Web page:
Results and discussion
To examine the extent of retreat in the glacier, the Land- sat time series data from 1976 to 2016 were utilized.
Figure 3 shows the changes in the glacier boundary at the terminus. Results indicate that in the past 40 years, the total terminus retreat of the glacier was ~320 m. This is comparable to the reported results for this glacier5. Also, the glacier retreat rate was estimated at 0.8 m a–1. This rate of retreat for the Chorabari glacier is indicative of the fact that climate change has an impact on the melting of the glacier. Further, total area lost by the glacier in the past 40 years was approximately 3% with surface area re- ducing to 6.46 0.38 sq. km in 2016. As observed in Figure 4, this loss accelerated in the past decade (2000–
2016) for the glacier.
The elevation change was estimated from 2000 and 2016 (Figure 5). This elevation change map generated utilized SRTM of the year 2000 and TanDEM-X data of 2016. The error and biases were considered in the pre-processing steps of DEM generation. Hence, when elevation difference of 2016 TanDEM-X data was calcu- lated from 2000 SRTM data, the elevation change was negative.
The precision in the estimation of height for the gener- ated DEMs was found to be 2.12 m (on an average),
Figure 2. Methodology for digital elevation models (DEM) genera- tion using TanDEM-X dataset.
which is in agreement with previously reported error range7. Table 2 shows the elevation change estimated along with the error range.
Figure 3. Glacier extent change from 1976 to 2016 using Landsat images.
Figure 4. Percentage change in surface area (1976–2016).
Table 2. Elevation change from 2000 to 2016 Elevation change for glacier in
Time-period ablation zone (m)
2011–2012 –0.27 1.97
2012–2013 –0.32 2.32
2013–2014 –0.55 2.05
2014–2015 –0.37 2.11
2015–2016 –0.46 2.19
The average annual height change of the entire glacier was found to be –5.10 1.23 m for 2000–2016. For cal- culating change in volume, change in area from the Land- sat data for 2000–2011, was multiplied with the estimated elevation change (from the generated DEMs). Further, for mass balance estimation, with assumed ice density of 0.85 g/cm3, net mass balance for the entire Chorabari gla- cier from 2000 to 2011 (using SRTM and TanDEM-X DEM) was calculated as –4.39 106 m3 w.e.a–1 and spe- cific mass balance was –0.66 m w. eq. Reported values from ground data collection12 for this glacier for 2003–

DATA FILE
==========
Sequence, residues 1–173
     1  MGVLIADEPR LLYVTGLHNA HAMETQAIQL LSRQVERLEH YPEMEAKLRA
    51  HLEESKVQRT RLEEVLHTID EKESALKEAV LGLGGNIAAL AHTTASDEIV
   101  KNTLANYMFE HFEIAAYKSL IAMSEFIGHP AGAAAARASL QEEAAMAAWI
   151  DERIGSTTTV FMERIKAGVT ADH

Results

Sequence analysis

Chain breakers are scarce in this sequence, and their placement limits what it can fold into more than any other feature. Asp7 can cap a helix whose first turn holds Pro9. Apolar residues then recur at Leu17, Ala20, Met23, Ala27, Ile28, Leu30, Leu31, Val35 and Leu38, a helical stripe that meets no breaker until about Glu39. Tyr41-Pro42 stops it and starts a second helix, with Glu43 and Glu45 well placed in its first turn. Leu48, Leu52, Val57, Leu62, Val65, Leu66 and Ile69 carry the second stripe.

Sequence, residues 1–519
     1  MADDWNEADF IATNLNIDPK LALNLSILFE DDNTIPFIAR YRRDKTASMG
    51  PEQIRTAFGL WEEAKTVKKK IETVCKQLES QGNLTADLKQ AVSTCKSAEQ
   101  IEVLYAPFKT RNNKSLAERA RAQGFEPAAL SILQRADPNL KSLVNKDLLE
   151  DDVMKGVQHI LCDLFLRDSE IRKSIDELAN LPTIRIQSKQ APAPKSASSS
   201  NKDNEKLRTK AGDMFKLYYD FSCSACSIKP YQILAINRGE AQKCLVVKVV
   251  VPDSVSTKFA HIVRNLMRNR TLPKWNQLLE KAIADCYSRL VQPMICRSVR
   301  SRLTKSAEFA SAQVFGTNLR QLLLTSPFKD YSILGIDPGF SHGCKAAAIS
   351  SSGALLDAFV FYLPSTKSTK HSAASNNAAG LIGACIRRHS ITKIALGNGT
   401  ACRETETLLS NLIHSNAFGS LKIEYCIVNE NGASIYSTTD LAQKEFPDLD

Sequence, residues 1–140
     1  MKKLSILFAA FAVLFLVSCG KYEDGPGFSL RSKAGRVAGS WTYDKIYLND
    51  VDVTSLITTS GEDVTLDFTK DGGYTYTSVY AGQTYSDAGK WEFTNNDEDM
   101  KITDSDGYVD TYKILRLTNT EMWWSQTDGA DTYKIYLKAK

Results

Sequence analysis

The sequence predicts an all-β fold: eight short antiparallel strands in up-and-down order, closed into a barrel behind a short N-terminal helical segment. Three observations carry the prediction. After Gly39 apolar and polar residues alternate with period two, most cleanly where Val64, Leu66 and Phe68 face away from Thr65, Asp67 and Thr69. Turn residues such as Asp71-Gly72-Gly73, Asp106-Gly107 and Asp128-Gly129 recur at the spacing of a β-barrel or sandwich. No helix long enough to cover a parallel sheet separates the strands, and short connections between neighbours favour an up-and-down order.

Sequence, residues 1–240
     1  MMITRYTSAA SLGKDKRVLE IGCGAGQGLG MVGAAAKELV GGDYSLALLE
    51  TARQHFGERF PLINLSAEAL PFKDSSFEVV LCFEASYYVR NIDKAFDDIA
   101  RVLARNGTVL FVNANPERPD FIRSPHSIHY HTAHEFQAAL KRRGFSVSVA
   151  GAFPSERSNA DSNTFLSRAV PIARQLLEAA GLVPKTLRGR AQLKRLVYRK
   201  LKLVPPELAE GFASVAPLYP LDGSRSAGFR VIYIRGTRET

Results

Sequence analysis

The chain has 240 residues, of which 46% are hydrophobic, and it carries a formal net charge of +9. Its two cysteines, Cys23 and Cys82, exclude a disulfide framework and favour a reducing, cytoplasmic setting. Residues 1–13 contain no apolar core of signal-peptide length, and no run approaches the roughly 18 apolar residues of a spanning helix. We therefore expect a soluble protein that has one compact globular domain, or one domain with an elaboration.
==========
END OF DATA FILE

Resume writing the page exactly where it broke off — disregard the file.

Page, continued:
2010 were –4.40 106 m3 w.e.a–1 and –0.73 m w. eq.
respectively. This minute discrepancy can be attributed to the difference in the duration of the estimates, i.e. re- ported mass balance is for a 7-year period (2003–2010), whereas estimated mass balance is for a 11-year time period (2000–2011). However, with comparative results, the accuracy of the DEMs can be further tested, and thus used for future analytical studies.
The present study suggests that the Chorabari glacier is retreating both in the overall areal extent as well as eleva- tion. Field-based measurements are no doubt highly
Figure 5. Elevation difference map for the decade 2000–2016; red colour signifies height change of ~10 m and blue color approx. –13 m elevation change.
reliable, but continuous ground studies in such terrains are difficult to perform. For this, remote sensing methods are the best option. Of the available tools, microwave remote sensing is increasingly becoming a preferable dataset owing to its all-weather properties and media penetration capabilities. Further, among the methods (glaciological, hydrological, ELA/AAR) available, the geodetic method (indirect method) provides easy and acceptable results. In this method, DEM generation being the prime aspect, its accuracy estimation is also impor- tant. TerraSAR-X/TanDEM-X dataset provides the first space-borne interferometric SAR pair with continuous single-baseline InSAR data which can be harnessed to generate accurate DEMs. These DEMs are utilized in this study, and the potential of TerraSAR-X/TanDEM-X data for glacier height change estimation is presented. The error sources in DEM generation are also discussed and a statistical technique for precision estimation is used to obtain a realistic value of the glacier height change. Fur- ther, with error estimates in a reasonable range, remote sensing-based techniques for continuous monitoring of the glacier parameters for better understanding of glacier dynamics, are good alternative.
This elevation change is further utilized to assess the net mass balance of the Chorabari glacier. With accurate elevation change estimates, we can conclude that the neg- ative mass balance of the glacier is also within an accept- able limit, which has been confirmed with ground-based measurements13. A negative mass balance indicates that climate change has an impact on the health of the glacier, which in turn will affect us socio-economically. Hence, it is necessary that such studies utilize advanced remote sensing tools and techniques to monitor glaciers. This will not only help in continuous monitoring but predicts future scenarios and plan disaster management better.